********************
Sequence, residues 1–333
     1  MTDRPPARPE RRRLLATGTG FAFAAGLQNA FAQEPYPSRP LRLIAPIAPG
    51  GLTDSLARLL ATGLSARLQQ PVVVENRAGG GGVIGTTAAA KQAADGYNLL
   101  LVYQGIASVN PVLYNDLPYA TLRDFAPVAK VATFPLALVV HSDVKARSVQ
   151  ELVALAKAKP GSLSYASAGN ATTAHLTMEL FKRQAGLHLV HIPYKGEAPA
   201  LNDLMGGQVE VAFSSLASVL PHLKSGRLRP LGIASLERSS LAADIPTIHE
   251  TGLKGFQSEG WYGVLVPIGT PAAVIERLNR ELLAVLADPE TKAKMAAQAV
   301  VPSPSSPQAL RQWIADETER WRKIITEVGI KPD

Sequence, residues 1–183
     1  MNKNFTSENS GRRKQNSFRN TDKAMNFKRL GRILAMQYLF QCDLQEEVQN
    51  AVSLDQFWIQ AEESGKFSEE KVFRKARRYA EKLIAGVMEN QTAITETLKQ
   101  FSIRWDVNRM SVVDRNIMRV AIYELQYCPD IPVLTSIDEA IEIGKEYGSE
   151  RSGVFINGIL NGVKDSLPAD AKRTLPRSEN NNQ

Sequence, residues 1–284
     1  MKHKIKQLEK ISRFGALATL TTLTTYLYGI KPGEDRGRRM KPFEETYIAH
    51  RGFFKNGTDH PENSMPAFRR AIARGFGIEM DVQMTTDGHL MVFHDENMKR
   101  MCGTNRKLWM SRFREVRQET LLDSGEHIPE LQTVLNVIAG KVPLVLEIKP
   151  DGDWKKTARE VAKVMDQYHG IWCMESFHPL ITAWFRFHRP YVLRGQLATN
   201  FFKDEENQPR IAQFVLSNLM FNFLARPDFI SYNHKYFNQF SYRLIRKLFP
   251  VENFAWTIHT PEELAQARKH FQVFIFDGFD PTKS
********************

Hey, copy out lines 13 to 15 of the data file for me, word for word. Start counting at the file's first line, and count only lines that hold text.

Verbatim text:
   151  RSGVFINGIL NGVKDSLPAD AKRTLPRSEN NNQ

Sequence, residues 1–284
     1  MKHKIKQLEK ISRFGALATL TTLTTYLYGI KPGEDRGRRM KPFEETYIAH